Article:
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Daughter's rights on a property.

(Querist) 19 January 2022 This query is : Resolved 
Good Afternoon,

I am planning to buy an agricultural land in tamilnadu. Here is some details,

1. Property 1.5 acres was bought by someone in Feb 2005 and at that time, the seller had 4 kinds (2 daughters and 2 Sons) . In the sale deed they did not mention the daughters name and only mentioned sons name in the sale deed. It is ancestral property to the seller.
One daughter was minor and another one was major during at that time(2005).

2. The purchaser is selling the land to me now and the Elder daughter (she was major 2005) is ready to come for the registration and another younger daughter (also major now) not will to come for the registration.

What is the rights of the daughter (minor in 2005 and major now) can file case on the property later?. Is there any red flags on my purchase?. Please let me know.



Thanks
S.

brsasireddy (Querist) 19 January 2022
Can a then minor daughter claim her share in a property if it is already sold by her father before the Hindu Succession Act in 2005?
brsasireddy (Querist) 19 January 2022
Any update pls?. appreciated.
K Rajasekharan (Expert) 19 January 2022
If the sale took place before 20th December 2004, the daughters cannot claim any share in the ancestral property sold by their father and sons together who were the owners then, as per Section 6(1) of the Hindu Succession Act.
brsasireddy (Querist) 19 January 2022
It was sold on Feb 2005.
kavksatyanarayana (Expert) 19 January 2022
It presumes that you are Hindu, the daughters having share with other heirs in the ancestral property as per Hindu Succession Act, 1956 in my view.
K Rajasekharan (Expert) 19 January 2022
The date 20th December 2004 is the date of introduction of the bill in the legislature, but it was passed on 9th September 2005 and since then it has undisputed force of law.

It seems to me, because of many contradictory judgements by various high courts and even by the Supreme court, the daughters are coparceners from 20th December onwards, as some judgements say the daughters have right by birth itself.

Some states like Andhra Pradesh, Tamil Nadu, Kerala, Karnataka, and Maharashtra enacted laws making daughters equal property shareholders before the year 2005.

Because of these reasons, it seems to me it is better for you to get proper advice from someone who constantly deals with such issues in the state where the property situates.
P. Venu (Expert) 19 January 2022
How is that the property was considered to be ancestral?
brsasireddy (Querist) 19 January 2022
It was greatgrand fathers property and come thru patrician.
P. Venu (Expert) 19 January 2022
Partition - Please post complete facts.
brsasireddy (Querist) 19 January 2022
It was done Partition in 2004 and he sold the property immediately after that to current owner. Since the current owner of the property is their relative, did not worry much about the daughters. But I am buying from the current owner and going thru all the legal issues. but the current owner hold the property last 20 years without any issue.
P. Venu (Expert) 20 January 2022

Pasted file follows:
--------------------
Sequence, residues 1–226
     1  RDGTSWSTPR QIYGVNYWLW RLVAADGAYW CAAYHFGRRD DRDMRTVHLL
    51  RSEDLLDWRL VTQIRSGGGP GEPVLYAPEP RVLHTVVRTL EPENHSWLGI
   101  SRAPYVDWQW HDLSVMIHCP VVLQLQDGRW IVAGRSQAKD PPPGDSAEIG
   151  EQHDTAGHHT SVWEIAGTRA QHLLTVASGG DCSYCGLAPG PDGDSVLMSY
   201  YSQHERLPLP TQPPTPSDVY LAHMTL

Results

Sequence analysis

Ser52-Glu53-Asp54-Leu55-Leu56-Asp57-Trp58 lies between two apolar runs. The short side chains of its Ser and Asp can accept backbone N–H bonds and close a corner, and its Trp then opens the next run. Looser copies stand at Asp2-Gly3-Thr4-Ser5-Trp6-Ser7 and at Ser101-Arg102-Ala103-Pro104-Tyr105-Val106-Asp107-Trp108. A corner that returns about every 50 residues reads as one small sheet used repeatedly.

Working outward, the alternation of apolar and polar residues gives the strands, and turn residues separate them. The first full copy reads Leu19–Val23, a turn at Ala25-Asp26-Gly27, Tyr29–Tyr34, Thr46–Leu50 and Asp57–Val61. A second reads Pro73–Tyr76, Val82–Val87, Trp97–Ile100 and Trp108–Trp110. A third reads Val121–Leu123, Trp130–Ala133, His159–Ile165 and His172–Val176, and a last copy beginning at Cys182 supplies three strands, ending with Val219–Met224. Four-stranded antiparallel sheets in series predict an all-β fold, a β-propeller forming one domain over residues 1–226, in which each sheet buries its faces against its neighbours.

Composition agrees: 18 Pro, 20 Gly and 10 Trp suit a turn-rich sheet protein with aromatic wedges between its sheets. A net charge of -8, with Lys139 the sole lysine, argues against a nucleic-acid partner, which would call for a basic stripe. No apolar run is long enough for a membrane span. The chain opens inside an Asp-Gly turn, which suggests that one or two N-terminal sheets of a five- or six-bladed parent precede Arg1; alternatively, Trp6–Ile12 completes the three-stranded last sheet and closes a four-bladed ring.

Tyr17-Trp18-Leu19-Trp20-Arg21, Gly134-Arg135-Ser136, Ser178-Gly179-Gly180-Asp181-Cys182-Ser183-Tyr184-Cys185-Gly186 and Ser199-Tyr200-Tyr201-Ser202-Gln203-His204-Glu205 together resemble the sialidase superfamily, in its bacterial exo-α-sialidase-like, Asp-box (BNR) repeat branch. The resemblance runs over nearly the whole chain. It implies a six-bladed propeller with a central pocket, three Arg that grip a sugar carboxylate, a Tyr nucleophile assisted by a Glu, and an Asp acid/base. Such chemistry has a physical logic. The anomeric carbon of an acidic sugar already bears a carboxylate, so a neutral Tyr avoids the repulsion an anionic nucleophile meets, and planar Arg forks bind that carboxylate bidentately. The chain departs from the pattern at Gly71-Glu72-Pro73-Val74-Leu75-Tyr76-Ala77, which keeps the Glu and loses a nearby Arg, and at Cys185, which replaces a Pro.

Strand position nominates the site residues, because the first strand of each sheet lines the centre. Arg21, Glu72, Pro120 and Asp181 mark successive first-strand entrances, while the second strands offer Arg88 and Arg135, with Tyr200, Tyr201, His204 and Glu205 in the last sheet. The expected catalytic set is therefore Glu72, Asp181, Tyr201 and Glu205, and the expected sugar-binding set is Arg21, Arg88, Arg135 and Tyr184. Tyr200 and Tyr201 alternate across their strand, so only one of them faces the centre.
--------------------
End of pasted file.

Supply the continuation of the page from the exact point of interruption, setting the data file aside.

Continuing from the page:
I am afraid the particulars furnished are insufficient. A property need not be ancestral just because it had been inherited from the forefathers!
K Rajasekharan (Expert) 20 January 2022
That whether the property is ancestral or not, is not at all a material issue in this case. There is no meaning or purpose in discussing that issue or finding any fact relating to that.

If it is a non-ancestral property, the 2005 sale is wholly illegal and unsustainable in law. Therefore, the buying of such a property is not at all advisable.

In other case, if it is an ancestral property, one can check with no much hope, whether there is a remote chance of justifying the 2005 sale, as one in accordance with law in force on the day, as the 2005 amendment has not come into force.
brsasireddy (Querist) 20 January 2022
Ancestral property means any undivided property which has been present through four generations. Such property should belong to the great grandfather and pass on to your grandfather. Maintaining the hierarchy, it will pass to your father, then to you in an undivided form. -YES it fits to this meaning. It is ancestral property
brsasireddy (Querist) 20 January 2022
Ancestral property means any undivided property which has been present through four generations. Such property should belong to the great grandfather and pass on to your grandfather. Maintaining the hierarchy, it will pass to your father, then to you in an undivided form. -YES it fits to this meaning. It is ancestral property
brsasireddy (Querist) 20 January 2022
In other case, if it is an ancestral property, one can check with no much hope, whether there is a remote chance of justifying the 2005 sale, as one in accordance with law in force on the day, as the 2005 amendment has not come into force.

Thanks, make sense
Sudhir Kumar, Advocate (Expert) 21 January 2022
you are not clear with facts.
Who is having 4 children (of whom one daughter is objecting)

Mr . A, the person who sold land in 2005?

or

Mr B, the person who purchased and in 2005?

from whom you are buying land?


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